Contracting out Drug Pipelines

08/26/2010 11:10 am EST


Elliott Gue

Editor and Publisher, Energy and Income Advisor and Capitalist Times

Elliott Gue, editor of Personal Finance, says health care stocks are dirt cheap and one contract research firm should profit from drug companies’ fading pipelines.

Health care stocks are out of favor. For years, the sector had a well-deserved reputation for consistent returns and profitability regardless of broader economic conditions.

But the past two years have challenged this reputation. The health care reform package passed earlier this year omitted some of the most damaging proposals, such as a government-run insurance option. But the bill is extraordinarily complex, and provisions will be phased in over time; health care companies have struggled to quantify the impact beyond 2010. Investors abhor uncertainty.

Although the sector faces undeniable challenges, markets often overreact to new regulation, providing attractive entry points for savvy investors and a low bar of expectations. On a forward price-to-earnings basis, health care stocks are almost as cheap today as they were at the market’s 2009 nadir—despite improved economic prospects and credit conditions.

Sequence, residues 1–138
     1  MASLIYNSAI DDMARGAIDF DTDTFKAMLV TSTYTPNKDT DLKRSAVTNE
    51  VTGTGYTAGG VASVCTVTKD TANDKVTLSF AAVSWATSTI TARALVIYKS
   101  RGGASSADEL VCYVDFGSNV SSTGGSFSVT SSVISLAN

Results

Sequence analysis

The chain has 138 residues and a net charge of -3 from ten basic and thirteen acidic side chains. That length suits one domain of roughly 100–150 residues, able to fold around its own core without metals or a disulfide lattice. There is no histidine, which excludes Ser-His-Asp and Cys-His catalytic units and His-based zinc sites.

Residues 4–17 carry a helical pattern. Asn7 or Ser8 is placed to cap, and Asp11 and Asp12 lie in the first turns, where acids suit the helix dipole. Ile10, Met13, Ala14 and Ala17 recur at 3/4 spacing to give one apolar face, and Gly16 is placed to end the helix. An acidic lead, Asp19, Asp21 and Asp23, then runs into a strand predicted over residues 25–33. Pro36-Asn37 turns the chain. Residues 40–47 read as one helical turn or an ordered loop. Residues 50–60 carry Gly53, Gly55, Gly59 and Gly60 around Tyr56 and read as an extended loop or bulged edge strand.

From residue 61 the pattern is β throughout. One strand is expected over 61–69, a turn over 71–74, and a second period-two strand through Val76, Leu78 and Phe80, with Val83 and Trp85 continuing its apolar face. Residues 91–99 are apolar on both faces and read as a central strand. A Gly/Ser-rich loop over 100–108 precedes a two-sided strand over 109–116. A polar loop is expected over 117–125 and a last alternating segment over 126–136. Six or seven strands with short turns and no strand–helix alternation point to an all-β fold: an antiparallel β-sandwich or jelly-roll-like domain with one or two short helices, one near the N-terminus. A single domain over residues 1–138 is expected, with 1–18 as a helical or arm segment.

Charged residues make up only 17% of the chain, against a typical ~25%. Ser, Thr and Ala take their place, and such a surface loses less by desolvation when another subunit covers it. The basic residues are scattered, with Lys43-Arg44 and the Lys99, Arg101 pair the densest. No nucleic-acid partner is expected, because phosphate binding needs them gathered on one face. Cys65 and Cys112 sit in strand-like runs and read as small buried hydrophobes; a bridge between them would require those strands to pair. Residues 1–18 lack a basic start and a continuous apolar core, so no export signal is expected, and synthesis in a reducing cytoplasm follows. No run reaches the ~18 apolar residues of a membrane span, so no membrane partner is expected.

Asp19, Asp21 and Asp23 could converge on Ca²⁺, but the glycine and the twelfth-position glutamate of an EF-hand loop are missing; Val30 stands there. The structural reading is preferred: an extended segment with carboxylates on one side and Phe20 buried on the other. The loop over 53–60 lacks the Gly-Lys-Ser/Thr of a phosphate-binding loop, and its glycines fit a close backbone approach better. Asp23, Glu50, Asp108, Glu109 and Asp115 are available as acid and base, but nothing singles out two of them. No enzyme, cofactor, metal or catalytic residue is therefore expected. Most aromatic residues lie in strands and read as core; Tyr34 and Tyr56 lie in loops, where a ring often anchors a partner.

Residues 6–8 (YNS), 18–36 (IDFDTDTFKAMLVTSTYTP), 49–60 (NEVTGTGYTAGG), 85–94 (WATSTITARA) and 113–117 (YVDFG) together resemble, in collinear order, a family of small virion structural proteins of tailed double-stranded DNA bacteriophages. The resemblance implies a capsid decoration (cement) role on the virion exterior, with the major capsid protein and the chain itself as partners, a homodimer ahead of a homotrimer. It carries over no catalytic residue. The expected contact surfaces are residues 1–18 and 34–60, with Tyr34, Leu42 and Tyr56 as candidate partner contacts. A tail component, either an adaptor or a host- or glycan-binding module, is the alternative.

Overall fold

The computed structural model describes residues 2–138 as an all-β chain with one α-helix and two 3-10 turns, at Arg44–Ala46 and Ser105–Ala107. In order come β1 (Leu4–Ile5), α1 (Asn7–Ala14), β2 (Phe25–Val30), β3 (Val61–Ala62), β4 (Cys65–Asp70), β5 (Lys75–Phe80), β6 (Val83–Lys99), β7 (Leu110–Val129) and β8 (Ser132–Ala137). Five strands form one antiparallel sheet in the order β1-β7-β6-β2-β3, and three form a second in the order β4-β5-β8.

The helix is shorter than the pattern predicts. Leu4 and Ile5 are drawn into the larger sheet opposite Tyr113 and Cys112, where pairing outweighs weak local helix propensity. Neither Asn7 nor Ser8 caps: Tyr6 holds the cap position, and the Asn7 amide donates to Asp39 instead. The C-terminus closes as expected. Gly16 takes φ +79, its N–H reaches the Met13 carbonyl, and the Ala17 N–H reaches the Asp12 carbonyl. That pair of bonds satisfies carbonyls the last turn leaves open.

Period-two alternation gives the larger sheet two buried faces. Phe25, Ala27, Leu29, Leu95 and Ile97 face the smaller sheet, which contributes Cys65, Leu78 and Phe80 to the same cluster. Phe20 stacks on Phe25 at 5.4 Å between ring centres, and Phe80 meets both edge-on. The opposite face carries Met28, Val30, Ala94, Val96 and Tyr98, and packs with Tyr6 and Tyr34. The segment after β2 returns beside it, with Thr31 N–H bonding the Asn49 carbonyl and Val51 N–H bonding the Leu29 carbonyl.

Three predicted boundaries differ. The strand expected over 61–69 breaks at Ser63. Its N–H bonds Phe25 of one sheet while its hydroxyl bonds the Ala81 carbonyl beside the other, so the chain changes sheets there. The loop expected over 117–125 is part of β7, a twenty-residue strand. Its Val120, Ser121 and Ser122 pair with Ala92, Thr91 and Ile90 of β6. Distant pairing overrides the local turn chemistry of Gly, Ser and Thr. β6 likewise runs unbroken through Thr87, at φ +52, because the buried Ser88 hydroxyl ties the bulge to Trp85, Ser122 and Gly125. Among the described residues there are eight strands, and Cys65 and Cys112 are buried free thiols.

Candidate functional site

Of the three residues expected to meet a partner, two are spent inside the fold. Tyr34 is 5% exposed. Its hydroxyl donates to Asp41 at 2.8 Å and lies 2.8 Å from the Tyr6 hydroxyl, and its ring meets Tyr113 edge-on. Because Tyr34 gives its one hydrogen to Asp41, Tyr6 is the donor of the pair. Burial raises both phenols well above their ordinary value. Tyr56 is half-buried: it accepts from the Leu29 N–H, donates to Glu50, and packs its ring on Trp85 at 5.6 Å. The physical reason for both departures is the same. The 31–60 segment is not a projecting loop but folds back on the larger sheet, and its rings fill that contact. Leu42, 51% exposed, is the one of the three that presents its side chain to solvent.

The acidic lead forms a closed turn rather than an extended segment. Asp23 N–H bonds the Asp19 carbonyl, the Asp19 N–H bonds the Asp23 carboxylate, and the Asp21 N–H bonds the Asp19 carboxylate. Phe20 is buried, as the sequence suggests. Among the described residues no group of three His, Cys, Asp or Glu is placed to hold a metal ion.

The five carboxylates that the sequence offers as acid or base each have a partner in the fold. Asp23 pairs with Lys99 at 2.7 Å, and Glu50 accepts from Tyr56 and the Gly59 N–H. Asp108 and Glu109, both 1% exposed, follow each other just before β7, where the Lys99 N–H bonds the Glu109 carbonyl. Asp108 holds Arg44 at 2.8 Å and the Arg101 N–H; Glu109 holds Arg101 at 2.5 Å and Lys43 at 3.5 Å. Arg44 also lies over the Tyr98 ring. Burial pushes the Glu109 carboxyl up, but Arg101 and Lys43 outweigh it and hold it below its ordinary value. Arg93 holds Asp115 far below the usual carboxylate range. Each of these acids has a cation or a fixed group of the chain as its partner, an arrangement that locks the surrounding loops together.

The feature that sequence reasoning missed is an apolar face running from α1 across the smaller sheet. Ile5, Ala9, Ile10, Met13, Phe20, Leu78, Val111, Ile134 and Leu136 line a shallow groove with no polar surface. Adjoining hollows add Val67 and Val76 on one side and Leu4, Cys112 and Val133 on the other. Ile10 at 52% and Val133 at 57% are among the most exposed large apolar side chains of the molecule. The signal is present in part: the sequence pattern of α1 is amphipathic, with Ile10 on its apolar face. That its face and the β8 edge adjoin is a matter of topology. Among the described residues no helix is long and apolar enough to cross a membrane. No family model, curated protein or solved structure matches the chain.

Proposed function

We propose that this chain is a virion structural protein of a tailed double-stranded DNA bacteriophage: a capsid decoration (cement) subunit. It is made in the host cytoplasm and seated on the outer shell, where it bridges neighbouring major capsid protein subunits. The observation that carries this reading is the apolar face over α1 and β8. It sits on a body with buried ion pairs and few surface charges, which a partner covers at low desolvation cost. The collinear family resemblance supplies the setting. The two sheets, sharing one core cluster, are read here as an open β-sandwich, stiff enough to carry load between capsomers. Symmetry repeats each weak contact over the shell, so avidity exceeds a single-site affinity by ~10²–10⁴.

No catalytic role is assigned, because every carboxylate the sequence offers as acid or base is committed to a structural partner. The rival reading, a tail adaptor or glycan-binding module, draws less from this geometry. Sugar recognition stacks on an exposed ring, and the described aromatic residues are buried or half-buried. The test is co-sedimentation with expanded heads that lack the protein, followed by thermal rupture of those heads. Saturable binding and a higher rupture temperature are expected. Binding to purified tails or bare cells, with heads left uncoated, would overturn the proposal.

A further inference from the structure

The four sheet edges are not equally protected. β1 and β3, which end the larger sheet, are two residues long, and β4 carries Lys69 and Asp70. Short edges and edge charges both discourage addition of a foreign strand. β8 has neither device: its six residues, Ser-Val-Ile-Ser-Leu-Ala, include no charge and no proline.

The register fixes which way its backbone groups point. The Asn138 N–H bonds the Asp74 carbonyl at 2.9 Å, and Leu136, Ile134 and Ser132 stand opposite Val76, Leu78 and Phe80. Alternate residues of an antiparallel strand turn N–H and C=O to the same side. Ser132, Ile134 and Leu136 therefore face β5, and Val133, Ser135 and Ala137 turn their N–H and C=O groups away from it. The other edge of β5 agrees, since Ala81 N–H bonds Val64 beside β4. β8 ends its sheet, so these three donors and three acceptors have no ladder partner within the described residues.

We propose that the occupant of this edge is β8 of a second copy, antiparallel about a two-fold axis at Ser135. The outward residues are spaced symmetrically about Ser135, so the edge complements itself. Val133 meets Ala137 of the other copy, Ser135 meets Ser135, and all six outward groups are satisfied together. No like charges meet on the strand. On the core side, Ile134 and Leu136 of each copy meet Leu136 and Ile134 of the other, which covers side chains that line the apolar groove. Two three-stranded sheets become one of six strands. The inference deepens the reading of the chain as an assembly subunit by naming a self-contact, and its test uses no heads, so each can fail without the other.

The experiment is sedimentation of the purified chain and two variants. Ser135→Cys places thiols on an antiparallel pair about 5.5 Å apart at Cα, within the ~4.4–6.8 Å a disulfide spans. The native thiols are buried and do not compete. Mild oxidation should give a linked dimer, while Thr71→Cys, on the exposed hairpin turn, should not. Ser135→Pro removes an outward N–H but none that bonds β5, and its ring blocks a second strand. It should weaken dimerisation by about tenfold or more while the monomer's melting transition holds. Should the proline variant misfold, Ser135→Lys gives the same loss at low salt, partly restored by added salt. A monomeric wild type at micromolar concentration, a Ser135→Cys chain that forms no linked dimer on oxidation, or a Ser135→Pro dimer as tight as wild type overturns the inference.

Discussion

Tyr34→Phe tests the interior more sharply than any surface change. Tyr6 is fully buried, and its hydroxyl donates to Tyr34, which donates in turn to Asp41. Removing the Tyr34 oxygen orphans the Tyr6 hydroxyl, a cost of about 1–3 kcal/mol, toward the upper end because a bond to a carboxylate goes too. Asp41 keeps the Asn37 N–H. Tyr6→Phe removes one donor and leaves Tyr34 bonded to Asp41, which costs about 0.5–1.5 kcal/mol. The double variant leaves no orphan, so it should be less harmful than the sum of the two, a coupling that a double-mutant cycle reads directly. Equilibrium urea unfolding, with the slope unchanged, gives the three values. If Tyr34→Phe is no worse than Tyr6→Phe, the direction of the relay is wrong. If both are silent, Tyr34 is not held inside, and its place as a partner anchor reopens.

And on a relative basis, health care stocks traditionally have commanded a premium to the Standard & Poor’s 500 index thanks to their defensive growth characteristics. In terms of price-to-sales ratio, the group trades at a 10% discount to the broader market, near historic lows.

To play the group, focus on pharmaceutical firms with a solid pipeline of new products and companies in niche sectors with long-term growth potential and little exposure to coming reforms.

New drugs can cost upwards of $1 billion to develop, and more often than not, this investment doesn’t yield a bestseller. For every treatment that makes it to market, dozens fail to meet expectations during clinical trials.

Nonetheless, drugs companies must keep a steady stream of new prospects moving through trials to replace revenue when patents expire on existing treatments. Many of the industry’s biggest players will face this problem over the next five years.

But this pain is another company’s gain. The massive wave of patent expirations will be a boon for Pharmaceutical Product Development (Nasdaq: PPDI) and other contract research organizations (CROs).

Drug and biotechnology firms hire PPDI to design, manage, and run clinical trials throughout the development cycle. Outsourcing these functions enables pharmaceuticals firms to cut costs and focus budgets on identifying new compounds for trial.

Like many businesses, CROs took a hit during the credit crunch and financial crisis. Big drug companies suspended temporarily or froze planned product development to cut costs amid the global recession, while smaller biotechnology firms slashed their budgets after funding dried up.

But the tide has turned. Cancellation rates have dropped sharply over the past two quarters, and the pace of new orders is picking up, especially for later-stage trials. Buy PPDI under $28. (It closed above $23 Wednesday—Editor.)

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